Punk Rockers' Privates in Affront to Korea's 'Bourgeois'

  • englishnews@chosun.com

    July 31, 2005 20:34

    In an unprecedented affront to Korea's conservative mores, two members of a punk rock band lived up to their music's history of subversion when they exposed their private parts on live TV during family viewing time on Saturday.

    Two members of punk group Couch including a 20-year-old man identified as Oh are taken to the Yeongdeungpo Police Station after exposing themselves on live TV. /Yonhap

    Punk rockers RUX were performing at about 4:15 when two members of another band named Couch including a 20-year-old man identified as Oh appeared on stage and took off their pants, one prancing all over the stage naked while the other had his trousers around his ankles. The cameras caught some four seconds of their display before panning away to the audience.

    While punk-rocker RUX were singing “From now till the end” on MBC’s live music program “Music Camp”, two members of fellow punk group Couch exposed themselves at around 4:15 p.m. on Saturday.

    MBC has apologized several times for an incident it says was wholly unintentional, saying on its homepage the actions had been unpredictable and the situation beyond its control. Online discussion forums and the "Music Camp" web board were nonetheless flooded with messages castigating MBC for its lapse.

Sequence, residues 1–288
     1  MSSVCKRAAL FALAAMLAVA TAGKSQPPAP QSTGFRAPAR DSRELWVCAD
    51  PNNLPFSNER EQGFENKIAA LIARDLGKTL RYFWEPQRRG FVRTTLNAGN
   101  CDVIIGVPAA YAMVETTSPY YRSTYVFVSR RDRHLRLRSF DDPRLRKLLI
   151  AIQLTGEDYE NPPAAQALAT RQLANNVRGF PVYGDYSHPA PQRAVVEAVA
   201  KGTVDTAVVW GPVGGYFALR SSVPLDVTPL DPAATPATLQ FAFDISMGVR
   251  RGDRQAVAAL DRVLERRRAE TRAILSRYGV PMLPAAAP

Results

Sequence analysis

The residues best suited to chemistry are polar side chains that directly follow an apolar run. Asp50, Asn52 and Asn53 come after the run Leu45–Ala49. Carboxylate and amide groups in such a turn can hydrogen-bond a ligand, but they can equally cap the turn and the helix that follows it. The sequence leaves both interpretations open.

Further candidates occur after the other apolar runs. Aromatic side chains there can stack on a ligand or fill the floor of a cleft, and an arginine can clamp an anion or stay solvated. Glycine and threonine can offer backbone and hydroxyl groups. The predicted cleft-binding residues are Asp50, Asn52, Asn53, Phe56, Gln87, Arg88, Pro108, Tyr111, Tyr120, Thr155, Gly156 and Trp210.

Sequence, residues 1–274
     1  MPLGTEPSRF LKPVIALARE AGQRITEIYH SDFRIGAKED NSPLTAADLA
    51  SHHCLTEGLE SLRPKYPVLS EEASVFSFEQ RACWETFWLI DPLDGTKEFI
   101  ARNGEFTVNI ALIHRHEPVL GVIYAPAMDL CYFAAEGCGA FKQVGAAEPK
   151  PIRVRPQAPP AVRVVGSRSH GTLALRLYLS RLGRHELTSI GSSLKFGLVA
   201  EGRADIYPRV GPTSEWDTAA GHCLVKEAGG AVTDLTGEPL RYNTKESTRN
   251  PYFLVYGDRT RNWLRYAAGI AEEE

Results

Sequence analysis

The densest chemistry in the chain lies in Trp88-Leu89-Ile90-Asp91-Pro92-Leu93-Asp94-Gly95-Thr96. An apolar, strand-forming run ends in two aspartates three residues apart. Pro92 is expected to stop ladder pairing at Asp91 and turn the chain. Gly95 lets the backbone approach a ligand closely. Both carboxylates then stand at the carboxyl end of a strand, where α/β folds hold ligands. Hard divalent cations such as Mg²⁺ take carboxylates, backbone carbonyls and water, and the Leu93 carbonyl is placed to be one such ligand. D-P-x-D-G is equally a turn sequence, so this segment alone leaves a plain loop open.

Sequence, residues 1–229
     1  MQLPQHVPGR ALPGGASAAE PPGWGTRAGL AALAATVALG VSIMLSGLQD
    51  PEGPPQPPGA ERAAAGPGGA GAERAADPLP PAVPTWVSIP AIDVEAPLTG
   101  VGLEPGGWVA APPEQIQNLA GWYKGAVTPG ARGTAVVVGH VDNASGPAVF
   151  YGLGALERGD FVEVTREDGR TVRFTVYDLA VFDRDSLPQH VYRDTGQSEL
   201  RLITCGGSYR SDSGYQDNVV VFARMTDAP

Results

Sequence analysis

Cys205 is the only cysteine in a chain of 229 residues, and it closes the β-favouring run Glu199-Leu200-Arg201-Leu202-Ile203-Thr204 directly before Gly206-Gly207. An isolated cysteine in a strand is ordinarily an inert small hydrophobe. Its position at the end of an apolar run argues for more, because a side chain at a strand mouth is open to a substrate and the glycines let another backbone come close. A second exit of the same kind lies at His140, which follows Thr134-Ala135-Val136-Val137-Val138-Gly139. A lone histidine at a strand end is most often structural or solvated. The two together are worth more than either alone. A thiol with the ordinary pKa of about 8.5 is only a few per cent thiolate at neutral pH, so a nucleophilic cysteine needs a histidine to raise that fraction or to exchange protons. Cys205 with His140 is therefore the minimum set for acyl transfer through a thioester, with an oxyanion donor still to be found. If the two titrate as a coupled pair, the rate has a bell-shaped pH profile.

Incensed viewers said an apology was not enough and the broadcaster should be punished. Some asked how MBC proposed to compensate teenagers, the largest age group watching the show, for the emotional shock they sustained. The two Couch members were arrested, as was the RUX lead singer for inviting them on stage, and are being investigated for violating public decency.

    However, the Korean Broadcasting Commission will be virtually powerless to punish the broadcaster. When U.S. pop star Janet Jackson flashed one of her breasts on national TV in the United States, the Federal Communications Commission fined broadcaster CBS US$550,000. But Korea's broadcast law says nothing about fines. Prof. Jung Yoon-sik of Kangwon National University said Europe, too, responds with severe sanctions to broadcasting of obscene material, including suspending advertising and shutting down stations.

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